Friday, January 12, 2007

The Wrong Question

Wendy at My Backyard posts this excellent article [it's well worth reading the whole article. I am only excerpting a few quotes]

“How can we get more people to come to our church?”...

...My typical answer, no doubt, frustrates the questioner, because it doesn’t include hints or techniques or advertising secrets that will double worship attendance. No, I almost always respond, “It’s the wrong question.” [my emphasis]

At best, the question implies we are operating out of 20th century assumptions: that if we plan the “right” worship service, people will come; that coming to church is the first step in becoming a Christian; that the Sunday worship experience is our primary service to the community.

At worst, the question reveals our hunger for people to join us to keep our congregations alive... we ask the question really wanting to know, “How can we get more people who like to worship just like we do, who will give money to our church budget, and share in the leadership of this congregation?”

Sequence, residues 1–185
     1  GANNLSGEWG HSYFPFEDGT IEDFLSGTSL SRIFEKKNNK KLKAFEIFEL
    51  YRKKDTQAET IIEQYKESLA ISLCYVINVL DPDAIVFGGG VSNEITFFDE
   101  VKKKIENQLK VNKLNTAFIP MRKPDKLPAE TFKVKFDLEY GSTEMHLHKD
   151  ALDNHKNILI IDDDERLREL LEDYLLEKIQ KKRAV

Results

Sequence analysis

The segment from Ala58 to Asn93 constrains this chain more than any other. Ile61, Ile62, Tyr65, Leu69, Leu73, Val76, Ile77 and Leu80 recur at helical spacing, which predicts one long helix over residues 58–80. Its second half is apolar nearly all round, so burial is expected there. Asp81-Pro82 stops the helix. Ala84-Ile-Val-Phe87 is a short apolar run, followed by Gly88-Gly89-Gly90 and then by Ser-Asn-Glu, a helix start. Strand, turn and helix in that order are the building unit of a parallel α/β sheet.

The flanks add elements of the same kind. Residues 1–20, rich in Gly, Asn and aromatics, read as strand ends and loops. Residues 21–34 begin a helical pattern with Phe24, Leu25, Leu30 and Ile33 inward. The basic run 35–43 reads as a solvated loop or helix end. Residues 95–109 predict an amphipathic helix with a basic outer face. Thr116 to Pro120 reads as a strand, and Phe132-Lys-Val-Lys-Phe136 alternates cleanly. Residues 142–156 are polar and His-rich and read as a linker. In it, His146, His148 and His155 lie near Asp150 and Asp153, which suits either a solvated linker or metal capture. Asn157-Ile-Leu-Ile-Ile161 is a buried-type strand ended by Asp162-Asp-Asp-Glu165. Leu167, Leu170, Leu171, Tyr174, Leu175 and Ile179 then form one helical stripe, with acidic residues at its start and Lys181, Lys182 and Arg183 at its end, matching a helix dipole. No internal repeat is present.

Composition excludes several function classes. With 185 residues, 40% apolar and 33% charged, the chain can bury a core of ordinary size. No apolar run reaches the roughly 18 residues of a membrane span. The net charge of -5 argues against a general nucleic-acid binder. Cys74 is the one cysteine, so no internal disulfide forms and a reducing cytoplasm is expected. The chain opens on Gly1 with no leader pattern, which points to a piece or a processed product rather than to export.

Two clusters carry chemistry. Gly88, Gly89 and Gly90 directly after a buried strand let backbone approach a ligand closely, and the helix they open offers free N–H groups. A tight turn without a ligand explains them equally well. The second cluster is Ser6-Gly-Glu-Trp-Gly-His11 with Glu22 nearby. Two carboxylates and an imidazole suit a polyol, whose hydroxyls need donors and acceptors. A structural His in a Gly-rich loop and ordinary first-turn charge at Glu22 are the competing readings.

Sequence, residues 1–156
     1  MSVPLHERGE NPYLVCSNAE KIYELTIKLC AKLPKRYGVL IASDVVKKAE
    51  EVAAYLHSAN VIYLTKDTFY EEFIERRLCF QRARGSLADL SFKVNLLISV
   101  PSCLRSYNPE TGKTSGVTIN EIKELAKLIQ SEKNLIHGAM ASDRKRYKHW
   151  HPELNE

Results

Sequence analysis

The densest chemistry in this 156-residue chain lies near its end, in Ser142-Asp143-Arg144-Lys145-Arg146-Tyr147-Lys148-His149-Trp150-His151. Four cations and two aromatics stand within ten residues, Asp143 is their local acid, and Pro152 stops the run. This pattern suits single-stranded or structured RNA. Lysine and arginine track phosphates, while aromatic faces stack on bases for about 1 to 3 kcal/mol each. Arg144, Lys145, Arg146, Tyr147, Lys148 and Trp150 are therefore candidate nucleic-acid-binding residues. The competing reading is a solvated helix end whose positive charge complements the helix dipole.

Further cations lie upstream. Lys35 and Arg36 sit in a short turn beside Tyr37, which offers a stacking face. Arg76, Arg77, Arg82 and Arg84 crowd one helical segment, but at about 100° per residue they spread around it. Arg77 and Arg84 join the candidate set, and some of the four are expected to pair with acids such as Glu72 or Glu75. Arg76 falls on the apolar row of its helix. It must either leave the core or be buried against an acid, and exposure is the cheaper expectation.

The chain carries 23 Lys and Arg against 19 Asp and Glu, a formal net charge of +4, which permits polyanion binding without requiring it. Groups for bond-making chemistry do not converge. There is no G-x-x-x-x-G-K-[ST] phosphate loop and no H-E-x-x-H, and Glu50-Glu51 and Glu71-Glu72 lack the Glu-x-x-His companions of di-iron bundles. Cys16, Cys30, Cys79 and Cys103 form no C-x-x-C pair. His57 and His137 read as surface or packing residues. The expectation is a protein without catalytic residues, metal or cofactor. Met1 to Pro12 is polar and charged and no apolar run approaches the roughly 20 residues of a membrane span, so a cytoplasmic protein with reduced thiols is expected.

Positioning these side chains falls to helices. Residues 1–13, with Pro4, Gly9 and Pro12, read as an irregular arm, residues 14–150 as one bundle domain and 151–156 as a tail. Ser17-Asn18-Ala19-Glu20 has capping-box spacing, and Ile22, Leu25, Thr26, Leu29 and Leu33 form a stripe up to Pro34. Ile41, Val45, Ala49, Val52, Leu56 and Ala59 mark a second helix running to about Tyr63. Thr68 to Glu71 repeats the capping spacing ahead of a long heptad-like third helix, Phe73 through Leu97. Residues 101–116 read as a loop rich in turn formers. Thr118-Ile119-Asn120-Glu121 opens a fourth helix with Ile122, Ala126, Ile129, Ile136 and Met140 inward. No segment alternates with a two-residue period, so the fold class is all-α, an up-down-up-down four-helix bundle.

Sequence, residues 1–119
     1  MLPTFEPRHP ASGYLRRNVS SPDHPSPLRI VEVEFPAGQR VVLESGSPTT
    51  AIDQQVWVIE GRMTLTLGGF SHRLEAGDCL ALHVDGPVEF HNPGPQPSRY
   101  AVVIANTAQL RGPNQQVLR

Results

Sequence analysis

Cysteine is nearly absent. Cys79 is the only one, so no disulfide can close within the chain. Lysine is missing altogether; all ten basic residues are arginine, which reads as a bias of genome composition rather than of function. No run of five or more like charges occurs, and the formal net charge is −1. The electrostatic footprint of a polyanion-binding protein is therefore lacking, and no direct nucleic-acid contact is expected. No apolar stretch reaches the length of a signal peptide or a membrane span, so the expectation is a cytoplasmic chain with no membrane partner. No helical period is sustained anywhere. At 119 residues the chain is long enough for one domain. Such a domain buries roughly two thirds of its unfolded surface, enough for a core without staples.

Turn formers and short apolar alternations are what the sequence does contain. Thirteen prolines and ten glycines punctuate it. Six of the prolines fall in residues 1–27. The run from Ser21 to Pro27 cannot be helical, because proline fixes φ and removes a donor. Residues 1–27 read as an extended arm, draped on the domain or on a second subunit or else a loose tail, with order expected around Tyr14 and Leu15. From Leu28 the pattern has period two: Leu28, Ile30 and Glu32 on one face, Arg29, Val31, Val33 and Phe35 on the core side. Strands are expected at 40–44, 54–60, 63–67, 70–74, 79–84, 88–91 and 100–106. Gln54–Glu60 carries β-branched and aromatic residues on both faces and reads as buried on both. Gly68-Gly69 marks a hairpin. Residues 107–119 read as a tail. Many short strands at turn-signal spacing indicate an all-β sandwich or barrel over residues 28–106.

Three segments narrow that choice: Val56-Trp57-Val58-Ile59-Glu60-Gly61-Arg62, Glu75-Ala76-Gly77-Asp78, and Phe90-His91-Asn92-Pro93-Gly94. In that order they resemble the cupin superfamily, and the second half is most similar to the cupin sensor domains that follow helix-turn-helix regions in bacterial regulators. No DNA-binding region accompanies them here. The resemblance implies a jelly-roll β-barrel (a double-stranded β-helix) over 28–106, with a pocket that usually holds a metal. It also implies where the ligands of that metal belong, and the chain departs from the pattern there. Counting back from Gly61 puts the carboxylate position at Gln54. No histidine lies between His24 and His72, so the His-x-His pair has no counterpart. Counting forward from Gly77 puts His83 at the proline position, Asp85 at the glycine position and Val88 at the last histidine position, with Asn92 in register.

The question isn’t how can we get people to come here, it’s how can we get our people to go there. [her emphasis]...

... This sounds obvious, but people who don’t go to church are simply not interested in “going to church”...

to be published in the February 2007 issue of Connections,
a publication of the Presbytery of New Covenant

Most of you reading this blog will not have any problems with this... but... why then, are so many churches more, if not mostly, concerned with getting people to come here, rather than equipping and encouraging people to go there?

Maybe our definition of church is wrong? Maybe our understanding of the purpose of church is lacking? Maybe we need to rethink what and why we do what we do?

I guess that's really what the whole emerging church discussion / conversation is all about... coming to a fresh understanding of what God is doing in the world. By "fresh" I do not mean new for the sake for being different, but new "fresh" in the sense of coming to terms with the biblical story being lived out in our day, not necessarily with a mindset the "church-goers" are comfortable with, but so that as disciples of Jesus we go into this world, with his love and grace.

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